Category Archives: Stout

Dark Beer on the Brain

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The beer side of my blog has been rather neglected over the past couple of months, possibly because my work-life-balance is a bit hectic at the moment and I’ve also been exploring wine more and more. However over the last couple of weeks I’ve tried some FANTASTIC beer that I just have to shout about. All of these beers are available to buy around Edinburgh and I’d seriously suggest giving them a go if you like Real Ale/dark beers.

Dark Island Reserve, Orkney Brewery

If you’re a Real Ale drinker in Scotland you’ve probably heard of Orkney Brewery and if you drink dark beer, you’ve probably heard of Dark Island. Orkney Brewery have used their hugely popular Dark Island Ale and matured it in Orkney malt whisky casks to create a beautifully strong, incredibly rich aged ale.

The high ABV of the ale (10%) means that the ale is designed to be enjoyed much like a liqueur or whisky and the bottling of the beer reflects this. The beer therefore has a much longer shelf life than a usual beer. Dark Island Reserve still has all the desirable flavours you’d expect from the original ale; dates, spices, heavy chocolate, coffee and a hint of acidity but also has the added richness and woodiness from the whisky.

Dark Island Reserve is a truly beautiful beer and although I’ve finished the bottle there is a 100% chance I’ll be buying another bottle closer to Christmas. It’s the perfect ale to savour after a long winter walk with my spaniel and I would recommend this beer to anyone that likes whisky and dark beer.

Icelandic Toasted Porter, Einstok Brewery

I saw this in a shop window and was firstly intrigued by the idea of an Icelandic brewery and then realised it was a toasted porter and HAD to try some, I’m so glad I did! The Brewery is located only 60 miles from the Arctic Circle and the water used in the brews run through prehistoric glaciers which produce some of the purest water in the world. This element could explain the clarity and crispness of the ale.

The Toasted Porter is absolutely beautiful, a thoroughly enjoyable beer.  There are obvious notes of toffee and chocolate but the beer appears to remain light and extremely smooth. It is malty and very easy to drink, I’d recommend this even to those that don’t drink dark beer. My fiance for example is not a fan of ale at all and found this really enjoyable.

We bought a couple of other Einstok beers too; Icelandic Dopplebock and White Ale, both of which are definitely worth trying but my heart lies with dark beers so the Toasted Porter was my favourite.

Milk Stout, Left Hand Brewing Co

This is one of the most awesome beers I’ve had in a long time, seriously! I bought a milk stout a couple of months ago from a brewery I’d never heard of and it really wasn’t good, I mean it was rank. So I was a bit dubious when the shop assistance recommended another milk stout. I’m not one to judge so I thought I’d give it a go.

This milk stout is sweet, totally smooth and incredibly drinkable – even pouring it into a glass was a great experience! Left Hand Brewing Co is based in Colorado in the US and I’m quickly coming round to the idea that America are making some incredible craft beers.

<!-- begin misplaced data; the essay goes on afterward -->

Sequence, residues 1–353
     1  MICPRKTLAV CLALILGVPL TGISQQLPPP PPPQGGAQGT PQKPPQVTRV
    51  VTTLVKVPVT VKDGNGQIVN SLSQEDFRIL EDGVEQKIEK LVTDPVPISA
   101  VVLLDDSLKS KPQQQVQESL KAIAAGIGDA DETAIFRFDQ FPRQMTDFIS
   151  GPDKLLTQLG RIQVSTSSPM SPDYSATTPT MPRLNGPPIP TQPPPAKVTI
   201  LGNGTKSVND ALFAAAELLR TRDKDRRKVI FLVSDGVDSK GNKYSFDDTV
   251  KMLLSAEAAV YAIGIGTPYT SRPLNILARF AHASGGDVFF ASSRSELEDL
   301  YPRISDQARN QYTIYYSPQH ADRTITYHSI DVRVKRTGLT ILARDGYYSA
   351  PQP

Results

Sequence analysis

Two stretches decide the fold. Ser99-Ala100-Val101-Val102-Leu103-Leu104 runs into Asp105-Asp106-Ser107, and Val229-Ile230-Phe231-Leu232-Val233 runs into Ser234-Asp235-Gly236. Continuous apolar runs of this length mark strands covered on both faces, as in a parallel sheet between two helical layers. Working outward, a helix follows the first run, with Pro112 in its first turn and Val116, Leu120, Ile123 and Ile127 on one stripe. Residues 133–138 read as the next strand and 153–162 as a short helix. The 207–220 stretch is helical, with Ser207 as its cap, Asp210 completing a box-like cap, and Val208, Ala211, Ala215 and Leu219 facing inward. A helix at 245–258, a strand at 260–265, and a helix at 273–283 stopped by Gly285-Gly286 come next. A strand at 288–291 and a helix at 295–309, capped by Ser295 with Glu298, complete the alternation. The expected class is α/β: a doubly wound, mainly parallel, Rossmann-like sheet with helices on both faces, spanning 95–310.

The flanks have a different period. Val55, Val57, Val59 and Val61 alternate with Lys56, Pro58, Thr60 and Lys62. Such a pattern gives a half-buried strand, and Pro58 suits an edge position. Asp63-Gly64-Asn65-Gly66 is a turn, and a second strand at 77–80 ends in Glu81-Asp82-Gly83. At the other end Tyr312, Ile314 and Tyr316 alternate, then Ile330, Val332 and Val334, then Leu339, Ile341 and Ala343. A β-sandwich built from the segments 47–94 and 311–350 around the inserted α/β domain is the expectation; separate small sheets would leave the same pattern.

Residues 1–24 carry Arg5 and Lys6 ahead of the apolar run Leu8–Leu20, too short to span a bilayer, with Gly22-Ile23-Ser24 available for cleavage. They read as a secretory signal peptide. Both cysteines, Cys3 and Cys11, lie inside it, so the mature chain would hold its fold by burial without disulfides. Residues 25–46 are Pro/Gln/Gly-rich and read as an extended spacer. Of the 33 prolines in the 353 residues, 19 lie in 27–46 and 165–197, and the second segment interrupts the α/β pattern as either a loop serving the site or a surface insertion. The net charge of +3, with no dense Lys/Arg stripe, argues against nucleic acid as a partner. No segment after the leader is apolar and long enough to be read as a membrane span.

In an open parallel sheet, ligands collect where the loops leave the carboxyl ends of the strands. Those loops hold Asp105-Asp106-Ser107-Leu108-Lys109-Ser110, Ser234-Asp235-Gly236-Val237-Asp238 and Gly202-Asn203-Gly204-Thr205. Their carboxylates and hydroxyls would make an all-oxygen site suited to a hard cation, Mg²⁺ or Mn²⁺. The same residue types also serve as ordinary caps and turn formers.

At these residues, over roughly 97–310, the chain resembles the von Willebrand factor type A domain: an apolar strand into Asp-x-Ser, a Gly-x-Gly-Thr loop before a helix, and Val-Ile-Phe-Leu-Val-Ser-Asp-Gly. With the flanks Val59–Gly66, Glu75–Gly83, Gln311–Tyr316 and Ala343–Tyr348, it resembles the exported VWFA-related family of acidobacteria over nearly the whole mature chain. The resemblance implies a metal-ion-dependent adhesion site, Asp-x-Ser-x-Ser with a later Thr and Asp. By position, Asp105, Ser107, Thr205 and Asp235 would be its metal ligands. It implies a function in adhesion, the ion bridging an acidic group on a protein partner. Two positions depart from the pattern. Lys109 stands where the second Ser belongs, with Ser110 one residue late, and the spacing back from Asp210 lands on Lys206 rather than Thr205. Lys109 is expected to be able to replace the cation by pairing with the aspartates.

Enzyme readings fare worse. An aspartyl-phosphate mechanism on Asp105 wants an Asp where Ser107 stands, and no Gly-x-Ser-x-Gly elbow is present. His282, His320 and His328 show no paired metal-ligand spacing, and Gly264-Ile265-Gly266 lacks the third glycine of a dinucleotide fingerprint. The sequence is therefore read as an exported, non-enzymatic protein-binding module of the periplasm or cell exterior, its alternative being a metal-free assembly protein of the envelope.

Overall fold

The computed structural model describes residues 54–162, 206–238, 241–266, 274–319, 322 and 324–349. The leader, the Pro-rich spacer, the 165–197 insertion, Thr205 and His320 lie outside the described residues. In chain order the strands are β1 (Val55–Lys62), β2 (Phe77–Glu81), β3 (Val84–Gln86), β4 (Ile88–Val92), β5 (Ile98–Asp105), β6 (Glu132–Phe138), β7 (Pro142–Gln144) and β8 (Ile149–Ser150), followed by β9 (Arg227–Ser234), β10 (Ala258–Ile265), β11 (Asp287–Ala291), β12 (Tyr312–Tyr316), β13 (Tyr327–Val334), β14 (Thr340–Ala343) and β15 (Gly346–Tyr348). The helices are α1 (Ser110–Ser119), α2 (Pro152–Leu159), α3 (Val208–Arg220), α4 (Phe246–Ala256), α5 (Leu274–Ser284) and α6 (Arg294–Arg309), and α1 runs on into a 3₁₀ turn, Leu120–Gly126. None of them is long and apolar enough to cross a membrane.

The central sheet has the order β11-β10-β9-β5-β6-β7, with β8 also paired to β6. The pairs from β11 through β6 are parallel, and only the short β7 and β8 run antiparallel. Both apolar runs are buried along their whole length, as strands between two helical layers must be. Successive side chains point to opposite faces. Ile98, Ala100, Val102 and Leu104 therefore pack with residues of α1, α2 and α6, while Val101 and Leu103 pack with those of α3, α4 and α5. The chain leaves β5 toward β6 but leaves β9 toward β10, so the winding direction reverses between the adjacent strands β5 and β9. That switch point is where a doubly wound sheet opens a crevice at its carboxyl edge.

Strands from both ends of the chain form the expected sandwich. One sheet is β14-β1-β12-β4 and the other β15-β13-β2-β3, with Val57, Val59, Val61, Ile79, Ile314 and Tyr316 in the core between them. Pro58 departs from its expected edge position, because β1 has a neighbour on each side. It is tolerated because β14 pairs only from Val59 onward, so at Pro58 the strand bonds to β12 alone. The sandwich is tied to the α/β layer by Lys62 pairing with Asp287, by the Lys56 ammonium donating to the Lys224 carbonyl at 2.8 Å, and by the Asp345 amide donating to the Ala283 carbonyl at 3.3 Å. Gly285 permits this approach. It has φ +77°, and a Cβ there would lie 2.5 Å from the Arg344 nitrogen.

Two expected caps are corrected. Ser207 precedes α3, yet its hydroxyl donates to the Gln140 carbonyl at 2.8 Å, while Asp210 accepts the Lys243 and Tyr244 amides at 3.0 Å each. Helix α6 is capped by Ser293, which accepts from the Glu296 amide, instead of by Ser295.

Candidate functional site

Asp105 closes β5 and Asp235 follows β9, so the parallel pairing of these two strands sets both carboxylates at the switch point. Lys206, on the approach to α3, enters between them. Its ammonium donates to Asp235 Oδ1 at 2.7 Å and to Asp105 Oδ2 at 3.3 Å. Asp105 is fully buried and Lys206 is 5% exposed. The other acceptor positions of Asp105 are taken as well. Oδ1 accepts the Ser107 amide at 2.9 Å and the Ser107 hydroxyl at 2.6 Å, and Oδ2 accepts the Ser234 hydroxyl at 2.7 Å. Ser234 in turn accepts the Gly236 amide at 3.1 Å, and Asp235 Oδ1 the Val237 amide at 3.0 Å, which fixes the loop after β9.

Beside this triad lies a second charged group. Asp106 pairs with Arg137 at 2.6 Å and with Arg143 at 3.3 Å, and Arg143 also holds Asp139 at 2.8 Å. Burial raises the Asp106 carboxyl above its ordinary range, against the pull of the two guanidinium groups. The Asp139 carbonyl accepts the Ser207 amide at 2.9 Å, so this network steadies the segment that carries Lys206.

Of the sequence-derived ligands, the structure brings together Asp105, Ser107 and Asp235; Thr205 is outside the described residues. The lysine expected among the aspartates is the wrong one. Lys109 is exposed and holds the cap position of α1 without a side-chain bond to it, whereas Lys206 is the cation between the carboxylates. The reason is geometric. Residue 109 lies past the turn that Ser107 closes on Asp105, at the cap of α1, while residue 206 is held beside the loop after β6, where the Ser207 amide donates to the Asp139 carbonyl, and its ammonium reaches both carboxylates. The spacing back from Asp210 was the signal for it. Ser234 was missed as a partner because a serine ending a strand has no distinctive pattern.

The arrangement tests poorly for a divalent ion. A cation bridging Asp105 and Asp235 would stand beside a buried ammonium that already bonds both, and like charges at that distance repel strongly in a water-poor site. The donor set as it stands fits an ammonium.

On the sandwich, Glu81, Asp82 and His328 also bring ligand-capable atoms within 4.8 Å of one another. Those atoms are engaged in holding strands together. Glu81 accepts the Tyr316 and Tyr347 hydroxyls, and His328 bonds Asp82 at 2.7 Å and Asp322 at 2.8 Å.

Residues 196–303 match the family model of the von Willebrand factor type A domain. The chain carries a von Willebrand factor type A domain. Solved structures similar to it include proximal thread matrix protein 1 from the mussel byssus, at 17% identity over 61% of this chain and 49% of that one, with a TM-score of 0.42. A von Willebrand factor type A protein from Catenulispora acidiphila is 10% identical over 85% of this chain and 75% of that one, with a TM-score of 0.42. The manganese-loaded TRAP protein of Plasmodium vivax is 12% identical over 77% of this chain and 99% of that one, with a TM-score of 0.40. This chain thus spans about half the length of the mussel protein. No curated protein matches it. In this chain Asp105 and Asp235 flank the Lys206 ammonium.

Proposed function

Back to the beer – the stout is really, really creamy without being TOO creamy and the more you drink the more you get of a lovely warming coffee flavour, I love a beer that develops! I promise you’ll be able to drink bottles and bottles of this but be careful because its medium-to-high ABV (6%) is amazingly disguised. After having a look on their website I discovered that the beer has won a load of awards, apparently it’s not just me that thinks this beer is brilliant.

Coconut Porter, Maui Brewery

I spotted a can (yes, a can) of this in one of the fridges at the Bow Bar in Edinburgh and couldn’t resist. The can was rather expensive but you only live once and how often do you see a beer brewed in Hawaii.

I really enjoyed this beer but I must admit I was a tiny bit disappointed by the depth of taste. I’ve tried a couple of Coconut Porters in the past included the brew by Stewart’s Brewery, which is really good. I have to admit I compared it a little. I think the thing that threw me the most was the fact that it was heavily carbonated, I think the coconut flavour is a lot more evident in a cask beer. The beer did however have a wonderful texture, especially considering it came out of a can! You still get hints of everything you should, malt, coffee and of course coconut.

There you have it, as you can see I’m having a bit of a moment with dark beers – I think it’s the impending winter and cold weather. Hopefully the response to this blog post will encourage me to blog more about my adventures with beer (and then I get to drink more beer too obviously).

Let me know if you’ve tried any of the above beers and tell me what you thought, beer tasting is very subjective and I’m always interesting to see what other flavours people get from the beers. Happy beer drinking!

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New Year’s Resolution: Bread 3 of 12: Banana Bread

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Photo by Cindy Nelson via PinterestI’m a bit behind for March (sorry). I baked this bread at the end of March but haven’t got round to blogging about it yet. So basically, I had a pretty indulgent March, eating way to much bread and other naughty things. So I decided to cheat, just a little bit. Banana bread isn’t technically bread, although it has bread in the name, so ha I win.